YELPing Back — ‘Burn in hell,’ Says Notable Chef to One of His Customers

One of the more recent features YELP has implemented involves the ability for business owners to respond to their reviews, whether positive or negative. Obviously, this is opening the floodgates for extremely boring and politically-correct communication between consumer and producer…am I right? Right…..wrong. Let’s jump into this particular case:

Let me setup the battlefield: Negative Nancy Yelp Reviewer vs. Passionate Chef/Restaurateur.

As a prologue, on a recent visit to aggregate-review site, I was drawn to a particular back and forth argument occurring between some displeased customer and the owner of that very restaurant. Why should you care?

Well, the review seemingly reamed the restaurant at length, in fact the 1-star rating was over five paragraphs long, touching on everything from the forced 3% gratuity, refusal to cook Kobe Beef well done, chef’s family walking around “trying to be restauranteurs,” and soggy french fries, to name a few.

The owner’s response? Five paragraphs of his own, rounding out the entire piece with a real bruiser:

“Burn in hell.” — Jason Quinn

Popular food truck-chef-turned-restaurateur, Jason Quinn, has accomplished quite a bit in his short 25-years on the planet. His once-chef duties with The Lime Truck helped him secure a $100,000 prize on Food Network’s food truck show, and shortly after, he rode the wave of success to open up his own brick-and-mortar restaurant in Southern California — The Playground.

If you’re not familiar with Quinn from his appearance on The Great Food Truck Race, you’ll likely hear more about him through the reverberating halls of the foodie community. He’s a passionate fellow, quick to defend and boast about his craft, his people and the ultimate food art he produces.

A few of his competitors on The Great Food Truck Race were quick to pigeon hole him, and his team, as cocky and young — which frankly, isn’t too far fetched. They are young, but they’re winning, and the food is speaking for itself. Anyone who’s tasted a dish from The Lime Truck, or experienced a night of dining at The Playground can quickly attest to the quality of food they’re putting in their mouth.

Quinn is a skilled chef, and explains every dish he makes with the same enthusiasm one would use while describing their newborn baby’s first uttering of “momma” or “papa.” He’s a giddy chef — it’s refreshing. Just look at him busting at the seams in the video we shot of him a couple months back at a local food truck gathering [see below]:

Now let’s switch gears. We’ve established Jason Quinn’s passion, his built up anxiety for success, and now…we’ll explain how he does his darndest to stay active on Yelp. And by active, I mean he responds to a majority of his Yelp reviews, good or bad. To his credit, the majority of feedback he gets about his Santa Ana location is positive. Easy to deal with, for the most part.

With a running total of 84 reviews written of The Playground, the heavy majority of them fall in 5-star range, with the average rating standing at 4.5/5 stars. So what happens when a bad review comes in? Here’s a look at the full conversation, starting with the lengthy, negative review:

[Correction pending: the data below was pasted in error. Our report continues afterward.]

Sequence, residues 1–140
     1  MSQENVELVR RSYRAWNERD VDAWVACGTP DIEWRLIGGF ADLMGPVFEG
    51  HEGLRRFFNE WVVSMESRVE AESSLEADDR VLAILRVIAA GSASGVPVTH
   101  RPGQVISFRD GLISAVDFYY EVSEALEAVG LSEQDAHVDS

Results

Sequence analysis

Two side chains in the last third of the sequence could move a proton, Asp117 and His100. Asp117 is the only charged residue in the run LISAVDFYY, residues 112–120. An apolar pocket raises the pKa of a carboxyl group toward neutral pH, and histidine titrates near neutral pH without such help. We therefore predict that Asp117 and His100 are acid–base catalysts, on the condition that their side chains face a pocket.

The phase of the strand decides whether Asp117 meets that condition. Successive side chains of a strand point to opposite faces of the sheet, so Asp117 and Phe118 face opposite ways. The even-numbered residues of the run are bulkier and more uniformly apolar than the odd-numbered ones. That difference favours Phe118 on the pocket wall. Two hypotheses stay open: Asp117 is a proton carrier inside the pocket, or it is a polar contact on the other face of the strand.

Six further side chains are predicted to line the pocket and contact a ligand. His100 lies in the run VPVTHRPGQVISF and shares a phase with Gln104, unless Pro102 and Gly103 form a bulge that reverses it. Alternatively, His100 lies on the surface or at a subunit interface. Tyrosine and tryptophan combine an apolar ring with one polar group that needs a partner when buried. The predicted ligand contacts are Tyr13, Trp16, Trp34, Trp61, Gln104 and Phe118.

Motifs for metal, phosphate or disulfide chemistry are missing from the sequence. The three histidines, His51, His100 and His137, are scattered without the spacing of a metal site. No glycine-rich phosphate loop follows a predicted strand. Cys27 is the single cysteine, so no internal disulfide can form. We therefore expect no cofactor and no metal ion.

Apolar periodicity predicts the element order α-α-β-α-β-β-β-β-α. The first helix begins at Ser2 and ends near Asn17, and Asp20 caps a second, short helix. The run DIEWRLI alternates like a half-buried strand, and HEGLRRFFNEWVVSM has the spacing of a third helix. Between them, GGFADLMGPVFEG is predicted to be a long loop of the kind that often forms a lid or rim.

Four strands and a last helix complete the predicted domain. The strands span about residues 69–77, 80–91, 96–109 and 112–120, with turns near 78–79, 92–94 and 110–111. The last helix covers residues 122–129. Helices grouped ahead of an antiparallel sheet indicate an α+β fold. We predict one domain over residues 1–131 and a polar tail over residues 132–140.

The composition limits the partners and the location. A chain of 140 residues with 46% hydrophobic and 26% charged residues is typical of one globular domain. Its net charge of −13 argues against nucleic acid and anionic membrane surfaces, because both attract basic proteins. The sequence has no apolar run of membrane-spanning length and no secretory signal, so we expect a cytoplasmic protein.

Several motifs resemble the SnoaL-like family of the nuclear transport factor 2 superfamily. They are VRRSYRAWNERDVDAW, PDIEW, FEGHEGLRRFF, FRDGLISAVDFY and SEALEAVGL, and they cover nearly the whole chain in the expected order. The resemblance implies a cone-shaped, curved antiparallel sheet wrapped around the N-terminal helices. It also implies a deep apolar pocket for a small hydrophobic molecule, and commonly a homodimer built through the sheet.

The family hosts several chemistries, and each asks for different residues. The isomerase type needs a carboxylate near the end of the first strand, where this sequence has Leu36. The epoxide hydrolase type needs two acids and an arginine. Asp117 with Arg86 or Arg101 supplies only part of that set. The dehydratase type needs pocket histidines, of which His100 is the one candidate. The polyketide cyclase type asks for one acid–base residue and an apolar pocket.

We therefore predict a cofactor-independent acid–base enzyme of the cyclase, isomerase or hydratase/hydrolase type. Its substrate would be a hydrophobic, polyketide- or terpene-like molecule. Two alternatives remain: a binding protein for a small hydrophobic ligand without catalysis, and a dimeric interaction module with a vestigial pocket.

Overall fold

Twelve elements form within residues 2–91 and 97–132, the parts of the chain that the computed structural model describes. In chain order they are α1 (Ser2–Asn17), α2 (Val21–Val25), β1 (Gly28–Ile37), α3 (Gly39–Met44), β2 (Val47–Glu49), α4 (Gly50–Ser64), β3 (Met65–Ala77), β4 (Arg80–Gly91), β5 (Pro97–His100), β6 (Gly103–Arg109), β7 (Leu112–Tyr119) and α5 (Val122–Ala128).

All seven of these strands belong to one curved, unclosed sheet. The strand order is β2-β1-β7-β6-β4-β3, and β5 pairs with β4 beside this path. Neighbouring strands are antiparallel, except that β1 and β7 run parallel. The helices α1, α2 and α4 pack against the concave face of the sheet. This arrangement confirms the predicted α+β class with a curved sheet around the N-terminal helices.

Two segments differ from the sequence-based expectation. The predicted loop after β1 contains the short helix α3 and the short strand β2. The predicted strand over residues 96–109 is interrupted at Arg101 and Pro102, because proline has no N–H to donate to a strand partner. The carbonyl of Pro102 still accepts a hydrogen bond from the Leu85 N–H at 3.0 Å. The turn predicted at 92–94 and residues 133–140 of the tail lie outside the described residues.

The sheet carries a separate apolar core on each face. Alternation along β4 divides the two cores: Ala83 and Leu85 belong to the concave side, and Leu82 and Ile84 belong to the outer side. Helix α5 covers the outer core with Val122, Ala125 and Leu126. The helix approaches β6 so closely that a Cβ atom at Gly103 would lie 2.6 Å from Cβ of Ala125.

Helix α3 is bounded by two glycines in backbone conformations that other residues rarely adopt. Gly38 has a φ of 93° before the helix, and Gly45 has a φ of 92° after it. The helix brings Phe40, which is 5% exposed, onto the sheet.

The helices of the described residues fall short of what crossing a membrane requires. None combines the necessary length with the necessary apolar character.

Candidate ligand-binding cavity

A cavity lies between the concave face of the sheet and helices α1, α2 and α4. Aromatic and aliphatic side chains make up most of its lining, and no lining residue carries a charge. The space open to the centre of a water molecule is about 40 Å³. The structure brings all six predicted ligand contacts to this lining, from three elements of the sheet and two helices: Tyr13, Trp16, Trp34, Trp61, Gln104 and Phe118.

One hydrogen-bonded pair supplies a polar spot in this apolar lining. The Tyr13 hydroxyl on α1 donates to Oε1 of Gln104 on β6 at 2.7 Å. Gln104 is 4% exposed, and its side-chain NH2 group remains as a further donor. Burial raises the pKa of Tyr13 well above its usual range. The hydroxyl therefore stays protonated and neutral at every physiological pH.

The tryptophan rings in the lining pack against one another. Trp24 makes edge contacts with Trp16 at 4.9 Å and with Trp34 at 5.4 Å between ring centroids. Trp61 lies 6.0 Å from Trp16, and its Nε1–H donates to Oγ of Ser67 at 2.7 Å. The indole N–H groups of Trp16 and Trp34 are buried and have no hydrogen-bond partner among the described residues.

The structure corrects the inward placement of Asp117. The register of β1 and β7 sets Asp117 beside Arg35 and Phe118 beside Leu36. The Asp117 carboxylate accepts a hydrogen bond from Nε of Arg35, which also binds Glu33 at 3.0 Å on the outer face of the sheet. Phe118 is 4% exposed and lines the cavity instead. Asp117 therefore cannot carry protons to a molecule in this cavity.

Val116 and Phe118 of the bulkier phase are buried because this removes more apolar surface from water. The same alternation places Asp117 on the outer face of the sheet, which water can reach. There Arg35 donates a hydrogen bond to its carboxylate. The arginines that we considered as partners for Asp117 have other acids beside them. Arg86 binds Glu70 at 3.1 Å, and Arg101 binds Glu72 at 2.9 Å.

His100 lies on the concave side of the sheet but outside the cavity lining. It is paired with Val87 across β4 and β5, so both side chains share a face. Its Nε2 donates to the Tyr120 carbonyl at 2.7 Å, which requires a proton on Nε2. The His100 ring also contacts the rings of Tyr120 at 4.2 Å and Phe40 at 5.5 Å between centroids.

Full disclosure, I loved my visit to The Playground. Quinn was super hospitable when our friends had dinner, all the food was delicious, and everyone around was having a good time. The review above? Some could view it as narrow, and I definitely wouldn’t disagree, but playing devil’s advocate, there are far more disgruntled, naive and obscure reviews to be had on Yelp.

Trolls are a plenty on the Internet, and this person just doesn’t seem to understand the type of restaurant he/she walked into. Many a gastropub and chef-driven restaurant involves dealing with a certain heir…if you don’t like it, you don’t dine there. There are plenty of other establishments that will cater to your changing of their menu, your cooking suggestions, and more wallet-friendly dishes.

With that in mind, does that negative Yelper’s review warrant this response from chef Quinn? You decide:

One of the most interesting lines in Quinn’s response is his self questioning of his restaurant’s core drive, to be “chef-driven” or “hospitality-driven.” The option of being chef driven, while un-Orthodox, would at least give a semblance of a reason behind his passionate response.

In a chef-driven environment, the policies set forth by The Playground aren’t too out-of-bounds.But does that mean Quinn’s move to be so passionate and transparent (he openly expresses the $300,000 investment he made to open the restaurant) in his Yelp responses are a good business move?

It’s up for debate. Quinn hasn’t shied away from his response, he’s not chalking it up to a lapse of judgement, he’s kept his response up on the review website and even gone a step further, he’s opened up a “Dialog” section on his restaurant’s website. He discusses the incident at length. It’s actually a very interesting read, I’ve lifted some of their notes in response to the beef: